Kenya - Civil Society Organization Development and Capacity building for effective HIV/AIDS prevention, care and treatment
Primary thematic focus: Sub-national capacity development: local solutions, national strengths
In a Nutshell:
Health services, work places and families in Kenya continue to face the challenges posed by the HIV/AIDS pandemic. Civil Society Organizations have an important role to play in spearheading community response against HIV & AIDS. This role is acknowledged and stipulated in the global and country level multi-sectoral Strategic frameworks.
Various good practices have been identified in HIV & AIDS specific health, humanitarian and development work since the discovery of the first AIDS case. Application of these practices requires certain levels of organizational and programming competences. The role of civil society in health is to advocate, facilitate and empower communities to manage their health and gain access to healthcare. Civil society has been recognized to play a key role in providing and optimizing health services, mobilizing and organizing health promotion campaigns and messages, representing public interests for policy setting, promoting equity in resource mobilization and allocation, and monitoring the quality of care and responsiveness of health services. Civil Society organizations (CSOs) can, and do mobilise, empower and support communities to respond effectively to the HIV & AIDS epidemic. CSOs are represented at all levels of decision making in the multi-sectoral structures of HIV & AIDS implementation frameworks of One agreed HIV and AIDS Action framework, One national HIV and AIDS coordinating Authority, One agreed country level monitoring and evaluation mechanism.
In its Global Strategy Framework on HIV & AIDS, UNAIDS recognizes that the outcome of the battle against AIDS will be decided at the community level and “local capacity for prevention, care and support efforts need to be recognized, affirmed and strengthened”. In the fight against HIV/AIDS, CSOs have certain comparative advantages over other actors. On the other hand one of the barriers that restrict the ability of CSOs to effectively implement actions that will prevent further HIV transmission, provision of care and support and advocacy include limited organizational capacity for sustained impact. African Medical and Research Foundation (AMREF) recognized the institutional challenges facing CSOs as partners in its Maanisha Community Focused Initiatives to Control HIV/AIDS programme and invited Impact Centre to provide capacity building support. In consultation with AMREF, Impact Centre identified the following 10 key areas of organizational competences relevant for effective HIV & AIDS prevention, treatment, care and advocacy: CSO Governance and Leadership management of financial resources, Administration and Human Resource Management, HIV and AIDS Project Management, HIV and AIDS Project Monitoring and Evaluation, HIV and AIDS Technical Capacity, Networking and Advocacy, Stakeholder Involvement, Sustainability and HIV & AIDS Knowledge Management. Impact Centre developed a holistic capacity building approach around the 10 competency areas and directly supported CSOs in the Lake Victoria region. Many others were assisted with technical support by the programme implementation team.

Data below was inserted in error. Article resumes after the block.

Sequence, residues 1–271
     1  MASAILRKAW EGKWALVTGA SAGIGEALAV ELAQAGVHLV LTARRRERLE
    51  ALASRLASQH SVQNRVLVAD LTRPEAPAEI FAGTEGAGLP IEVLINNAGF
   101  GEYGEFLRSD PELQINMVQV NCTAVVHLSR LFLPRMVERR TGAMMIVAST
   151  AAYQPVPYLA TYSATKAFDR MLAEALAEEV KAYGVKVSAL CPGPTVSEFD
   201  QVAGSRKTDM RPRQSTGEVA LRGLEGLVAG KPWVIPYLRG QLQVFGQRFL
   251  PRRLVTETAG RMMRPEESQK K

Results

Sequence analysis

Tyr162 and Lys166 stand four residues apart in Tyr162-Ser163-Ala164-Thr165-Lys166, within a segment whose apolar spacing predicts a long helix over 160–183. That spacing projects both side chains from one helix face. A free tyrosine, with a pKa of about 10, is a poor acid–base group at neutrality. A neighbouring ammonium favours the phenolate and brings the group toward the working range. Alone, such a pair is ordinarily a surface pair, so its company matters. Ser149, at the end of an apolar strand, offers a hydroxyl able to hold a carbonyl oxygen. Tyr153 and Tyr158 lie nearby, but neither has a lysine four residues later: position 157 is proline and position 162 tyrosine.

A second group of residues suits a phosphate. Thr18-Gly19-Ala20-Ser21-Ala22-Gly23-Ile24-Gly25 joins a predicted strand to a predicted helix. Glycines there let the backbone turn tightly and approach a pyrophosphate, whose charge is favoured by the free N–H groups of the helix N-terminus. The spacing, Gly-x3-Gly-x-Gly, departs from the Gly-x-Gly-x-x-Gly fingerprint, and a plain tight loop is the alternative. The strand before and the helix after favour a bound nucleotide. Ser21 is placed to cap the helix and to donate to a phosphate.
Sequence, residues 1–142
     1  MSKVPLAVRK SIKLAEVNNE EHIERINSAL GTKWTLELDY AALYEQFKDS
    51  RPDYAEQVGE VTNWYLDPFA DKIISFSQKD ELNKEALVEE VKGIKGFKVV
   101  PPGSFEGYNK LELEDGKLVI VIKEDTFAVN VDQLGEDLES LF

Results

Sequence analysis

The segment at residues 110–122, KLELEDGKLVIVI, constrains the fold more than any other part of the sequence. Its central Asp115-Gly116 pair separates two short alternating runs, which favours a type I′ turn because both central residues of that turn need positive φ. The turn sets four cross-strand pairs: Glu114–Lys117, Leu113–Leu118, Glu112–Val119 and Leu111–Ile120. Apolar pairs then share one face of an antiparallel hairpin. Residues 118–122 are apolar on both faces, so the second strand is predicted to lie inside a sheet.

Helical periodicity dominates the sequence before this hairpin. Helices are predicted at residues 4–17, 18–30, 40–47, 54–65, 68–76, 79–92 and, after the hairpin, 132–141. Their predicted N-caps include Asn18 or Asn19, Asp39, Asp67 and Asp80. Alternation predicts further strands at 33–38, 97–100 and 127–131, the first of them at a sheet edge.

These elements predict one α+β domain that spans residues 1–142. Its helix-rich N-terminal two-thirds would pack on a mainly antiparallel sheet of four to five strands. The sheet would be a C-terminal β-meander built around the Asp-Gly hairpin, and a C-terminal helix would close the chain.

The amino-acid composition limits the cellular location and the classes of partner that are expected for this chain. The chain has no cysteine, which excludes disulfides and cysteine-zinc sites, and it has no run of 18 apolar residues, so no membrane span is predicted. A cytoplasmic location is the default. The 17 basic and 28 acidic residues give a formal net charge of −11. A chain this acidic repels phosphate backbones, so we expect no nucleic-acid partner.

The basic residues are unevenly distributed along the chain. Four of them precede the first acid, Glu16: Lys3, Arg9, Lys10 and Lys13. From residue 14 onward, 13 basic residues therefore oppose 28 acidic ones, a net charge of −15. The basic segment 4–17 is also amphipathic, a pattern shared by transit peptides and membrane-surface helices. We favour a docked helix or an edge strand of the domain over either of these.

Between 2004-2009 the programme was scaled up from the initial 19 to 82 districts across 4 provinces. The CSO capacity building approach developed is based on the systems theory of organizations. Its key principles and values are partnership, Ownership and commitment by CSOs and Organizational Learning. Implementation processes include, organizational capacity assessment, training, tailor-made technical assistance (in organizational systems development, financial management/grant management, monitoring and evaluation among others), coaching and mentoring. The process is supported by a comprehensive guidance manual.
Results and Critical Factors:
Capacity building is a key strategy for the promotion and sustainability of health prevention programs. Our approach not only enhances project/program implementation in the short-term, but provides skills to organizations and individuals that can enhance HIV & AIDS efforts over the long-term. CSOs who have directly or indirectly interacted with Impact Centre’s approach have demonstrated greater understanding and application of good practices in leadership and governance, financial accountability and transparency, increased absorption capacity and a more focused approach to health/development within their communities.
These strengths have translated into more relevant activities, better service delivery and improved effectiveness in terms of aid utilization, project impact and overall sustainability of the organizations. Scaling up of one of the health programmes (AMREF’s) that we have been associated with to an almost national level is a good indicator of the appropriateness of our approach to capacity development. Our capacity building methodology easily lends itself to a universal application by funding agencies, intermediary organizations, capacity building consultants and civil society organizations themselves. To be effective, it should be demand driven and implemented through a participatory approach and great emphasis placed on ownership at the organization level.
Name of Primary Contact Person: Patrikc Gichira
Title of Primary Contact Person: Executive Director